• Temperature is ultimately regulated in the hypothalamus. A trigger of the fever, called a pyrogen, causes a release of prostaglandin E2 (PGE2). PGE2 then in turn acts on the hypothalamus, which generates a systemic response back to the rest of the body, causing heat-creating effects to match a new temperature level.
mechanism of fever1
Mechanism of Fever
  • A pyrogen is a substance that induces fever. These can be either internal (endogenous) or external (exogenous) to the body.
  • The bacterial substance lipopolysaccharide (LPS), present in the cell wall of some bacteria, is an example of an exogenous pyrogen.
  • Cytokines (especially interleukin 1) are a part of the innate immune system, are produced by phagocytic cells, and cause the increase in the thermoregulatory set-point in the hypothalamus. Other examples of endogenous pyrogens are interleukin 6 (IL-6), and tumor necrosis factor-alpha.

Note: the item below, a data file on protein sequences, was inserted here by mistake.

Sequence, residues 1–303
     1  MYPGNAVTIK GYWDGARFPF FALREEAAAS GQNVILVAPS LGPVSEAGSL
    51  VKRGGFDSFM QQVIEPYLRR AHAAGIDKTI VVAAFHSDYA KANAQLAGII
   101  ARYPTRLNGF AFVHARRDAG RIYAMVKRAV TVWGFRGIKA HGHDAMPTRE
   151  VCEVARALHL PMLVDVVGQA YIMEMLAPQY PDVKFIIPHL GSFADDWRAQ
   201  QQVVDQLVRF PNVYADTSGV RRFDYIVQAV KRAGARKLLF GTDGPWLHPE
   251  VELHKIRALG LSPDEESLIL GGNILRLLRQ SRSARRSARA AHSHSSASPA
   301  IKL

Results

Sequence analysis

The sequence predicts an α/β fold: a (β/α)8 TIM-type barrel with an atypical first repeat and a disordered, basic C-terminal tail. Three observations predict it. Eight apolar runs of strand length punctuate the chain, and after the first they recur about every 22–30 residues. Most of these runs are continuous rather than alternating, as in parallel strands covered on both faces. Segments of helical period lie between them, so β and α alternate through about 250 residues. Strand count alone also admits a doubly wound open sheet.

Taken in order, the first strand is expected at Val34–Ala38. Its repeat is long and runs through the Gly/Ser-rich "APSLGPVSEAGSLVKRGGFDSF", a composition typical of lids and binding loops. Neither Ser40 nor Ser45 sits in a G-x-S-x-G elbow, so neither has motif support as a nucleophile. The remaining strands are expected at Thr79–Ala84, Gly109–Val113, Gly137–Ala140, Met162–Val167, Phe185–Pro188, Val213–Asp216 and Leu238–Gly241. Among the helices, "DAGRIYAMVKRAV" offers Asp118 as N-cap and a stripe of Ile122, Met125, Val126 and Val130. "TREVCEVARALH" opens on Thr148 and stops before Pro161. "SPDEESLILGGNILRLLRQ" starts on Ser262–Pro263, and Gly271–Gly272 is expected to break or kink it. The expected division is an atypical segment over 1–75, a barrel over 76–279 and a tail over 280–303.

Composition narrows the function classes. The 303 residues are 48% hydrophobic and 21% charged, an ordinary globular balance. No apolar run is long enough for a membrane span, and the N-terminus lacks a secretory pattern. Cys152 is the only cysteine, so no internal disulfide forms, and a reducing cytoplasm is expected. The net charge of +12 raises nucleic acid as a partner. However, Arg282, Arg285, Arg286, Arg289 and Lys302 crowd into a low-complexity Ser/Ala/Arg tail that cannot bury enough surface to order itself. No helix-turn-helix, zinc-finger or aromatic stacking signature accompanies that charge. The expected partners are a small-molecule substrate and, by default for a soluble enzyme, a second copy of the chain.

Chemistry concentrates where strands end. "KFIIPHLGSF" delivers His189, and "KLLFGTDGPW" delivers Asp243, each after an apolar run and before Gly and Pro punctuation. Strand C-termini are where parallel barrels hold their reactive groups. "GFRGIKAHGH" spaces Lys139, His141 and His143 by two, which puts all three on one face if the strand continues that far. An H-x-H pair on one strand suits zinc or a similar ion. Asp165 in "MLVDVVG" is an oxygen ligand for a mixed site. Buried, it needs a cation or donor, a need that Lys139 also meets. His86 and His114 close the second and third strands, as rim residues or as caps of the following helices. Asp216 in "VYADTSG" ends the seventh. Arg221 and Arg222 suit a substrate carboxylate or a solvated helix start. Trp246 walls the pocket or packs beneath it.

common symptoms and signs1

Infectious Diseases

Common symptoms and signs

Rash eruption

Date of eruption

1st: chickenpox 2nd: scarlet fever

3rd: smallpox 4th: measles

5th: typhus 6th: typhoid fever

Location of eruption

Form of rash

Exanthema :

*maculo-papular rash: A maculopapular rash is a flat, red area on the skin that is covered with small confluent bumps e.g. measles.

*Petechia:

*Vesiculo-pustular rash

*Urtecaria.

Enanthema

slide26
Toxemic symptoms

Mononuclear phagocyte system reactions

Hepato- splenomegaly

Lymph nodes enlargement

Clinical types

acute, sub acute, mild, common, severe, fulminant, typical, atypical, abortive, ambulatory

Infectious Diseases

Common symptoms and signs